DGHI, UGHE Partner for Scientific Writing Workshop

Professors will help new researchers enhance their writing skills in this two-day event

Henry Rice Teaching in Trent Hall 2022

Henry Rice listens to a student talk during a course he teaches, Global Surgical Care, inside Trent Hall in September 2022.

By Alicia Banks

Published December 29, 2023, last updated on January 8, 2024 under Research News

Professors at the Duke Global Health Institute and the University of Global Health Equity in Rwanda will host a free workshop this month, which will strengthen manuscript writing skills for students and researchers. 

The “Scientific Writing Workshop” will be Jan. 16 and 18, starting at 7am EST/2 pm CAT. Attendees to both three-hour sessions will learn the basics of writing, how to prepare a manuscript for publication and include various writing exercises. The workshop will be in-person at UGHE’s Flat Learning Studio in Butaro, Rwanda and accessible via Zoom. 

One reason for the two-day event is to aid writers whose first language isn’t English. DGHI’s Henry Rice, M.D., notes the workshop will sharpen writing skills to help researchers compete in a space still often dominated by English. 

“Our responsibility is not just to the people who pay tuition at Duke, but to the people who aren’t getting a degree with us – our partners,” says Rice, a professor of surgery, pediatrics and global health. “This workshop gets to the heart of the DGHI ethos. We are training the next generation of global health leaders, and this is part of the educational portfolio we want to bring to our partners.”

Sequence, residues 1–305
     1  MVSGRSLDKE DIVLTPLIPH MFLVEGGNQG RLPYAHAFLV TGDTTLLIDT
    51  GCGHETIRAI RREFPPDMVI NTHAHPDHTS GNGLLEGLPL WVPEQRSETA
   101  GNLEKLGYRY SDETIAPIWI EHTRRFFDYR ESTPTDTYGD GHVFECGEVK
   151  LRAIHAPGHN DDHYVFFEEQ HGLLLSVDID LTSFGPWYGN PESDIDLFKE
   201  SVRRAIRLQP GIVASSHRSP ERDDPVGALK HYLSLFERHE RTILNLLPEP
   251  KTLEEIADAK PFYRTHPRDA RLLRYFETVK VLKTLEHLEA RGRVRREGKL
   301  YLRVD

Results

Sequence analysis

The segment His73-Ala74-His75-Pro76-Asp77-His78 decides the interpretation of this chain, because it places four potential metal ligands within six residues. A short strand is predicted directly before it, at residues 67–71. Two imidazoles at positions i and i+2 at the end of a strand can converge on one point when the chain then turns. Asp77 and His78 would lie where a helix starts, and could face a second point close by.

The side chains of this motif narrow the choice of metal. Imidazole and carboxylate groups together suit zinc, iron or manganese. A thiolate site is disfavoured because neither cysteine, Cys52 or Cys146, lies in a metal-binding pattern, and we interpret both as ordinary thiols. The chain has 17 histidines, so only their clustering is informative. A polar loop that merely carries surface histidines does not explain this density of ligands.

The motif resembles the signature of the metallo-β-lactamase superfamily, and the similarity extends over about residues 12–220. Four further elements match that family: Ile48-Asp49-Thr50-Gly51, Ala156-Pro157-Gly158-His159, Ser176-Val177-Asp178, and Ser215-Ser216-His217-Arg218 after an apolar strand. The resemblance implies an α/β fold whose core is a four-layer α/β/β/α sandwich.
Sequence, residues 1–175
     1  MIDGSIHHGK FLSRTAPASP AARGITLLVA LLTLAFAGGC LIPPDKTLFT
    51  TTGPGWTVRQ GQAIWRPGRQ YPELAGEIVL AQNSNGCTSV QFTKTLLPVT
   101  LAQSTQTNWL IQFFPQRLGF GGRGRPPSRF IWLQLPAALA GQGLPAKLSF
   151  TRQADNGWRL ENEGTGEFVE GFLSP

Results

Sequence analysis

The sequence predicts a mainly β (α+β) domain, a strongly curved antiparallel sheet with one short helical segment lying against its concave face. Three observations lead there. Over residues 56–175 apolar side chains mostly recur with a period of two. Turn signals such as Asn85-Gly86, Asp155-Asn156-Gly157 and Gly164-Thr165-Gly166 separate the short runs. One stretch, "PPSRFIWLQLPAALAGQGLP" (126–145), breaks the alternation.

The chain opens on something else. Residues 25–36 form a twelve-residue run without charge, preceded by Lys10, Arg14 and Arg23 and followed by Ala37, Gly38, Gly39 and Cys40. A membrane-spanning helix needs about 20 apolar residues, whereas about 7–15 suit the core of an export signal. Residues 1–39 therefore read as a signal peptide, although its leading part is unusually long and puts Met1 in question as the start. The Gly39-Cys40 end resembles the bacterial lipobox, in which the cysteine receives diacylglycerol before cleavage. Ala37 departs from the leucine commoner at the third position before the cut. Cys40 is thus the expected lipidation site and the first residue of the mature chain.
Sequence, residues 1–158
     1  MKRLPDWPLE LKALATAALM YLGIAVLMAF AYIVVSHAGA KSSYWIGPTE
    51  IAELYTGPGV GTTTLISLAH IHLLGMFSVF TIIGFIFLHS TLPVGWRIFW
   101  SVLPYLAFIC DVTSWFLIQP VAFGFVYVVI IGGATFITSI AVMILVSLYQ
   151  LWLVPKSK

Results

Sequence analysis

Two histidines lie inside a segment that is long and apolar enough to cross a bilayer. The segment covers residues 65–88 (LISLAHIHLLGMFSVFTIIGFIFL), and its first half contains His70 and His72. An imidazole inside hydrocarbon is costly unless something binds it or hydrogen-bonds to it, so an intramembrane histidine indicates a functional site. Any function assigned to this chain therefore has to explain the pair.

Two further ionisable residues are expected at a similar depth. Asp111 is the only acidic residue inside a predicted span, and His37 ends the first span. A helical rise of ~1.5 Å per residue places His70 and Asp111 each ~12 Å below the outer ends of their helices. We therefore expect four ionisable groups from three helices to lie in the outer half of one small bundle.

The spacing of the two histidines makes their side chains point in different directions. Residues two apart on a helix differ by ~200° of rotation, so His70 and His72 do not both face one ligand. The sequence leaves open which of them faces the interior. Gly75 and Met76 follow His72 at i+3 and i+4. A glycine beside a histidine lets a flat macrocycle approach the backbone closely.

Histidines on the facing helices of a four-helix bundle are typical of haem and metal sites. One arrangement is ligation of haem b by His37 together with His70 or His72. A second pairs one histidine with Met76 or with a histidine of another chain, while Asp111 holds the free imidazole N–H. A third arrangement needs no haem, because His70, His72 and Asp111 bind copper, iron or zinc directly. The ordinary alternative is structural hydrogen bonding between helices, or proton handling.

Leading the training with Rice are UGHE’s Pierrette Mukundwa, M.D., a lecturer in global health delivery and Barnabas Alayande, M.D., an assistant professor of surgery and global health. DGHI and UGHE hosted a similar workshop in 2022.

Rice says the workshop will also benefit researchers who are writing their first paper or whose background is primarily in healthcare. “This course also teaches people how to format their figures and tables to be an effective storyteller, and how to write so that it captures the reader,” he says. “Scientific writing is inherently challenging. You’re not born with it, you develop it in time.” 

Rice’s involvement in the workshop is inspired by his time as a research fellow at the University of California, San Francisco nearly 30 years ago. He took a similar course while writing his first manuscripts. As his career evolved, he wanted to share the same knowledge with those who will move global health forward in the coming years. Rice says part of making global health equitable is ensuring partners from low- and middle-income countries have the skills to lead. Part of that is knowing how to communicate effectively in writing and conversations.

“When we hosts these, we learn, adapt it and make sure it’s the style and structure participants want,” he says, noting the workshop isn’t a lecture. “You don’t learn how to write by someone telling you how to do it. You learn by writing.”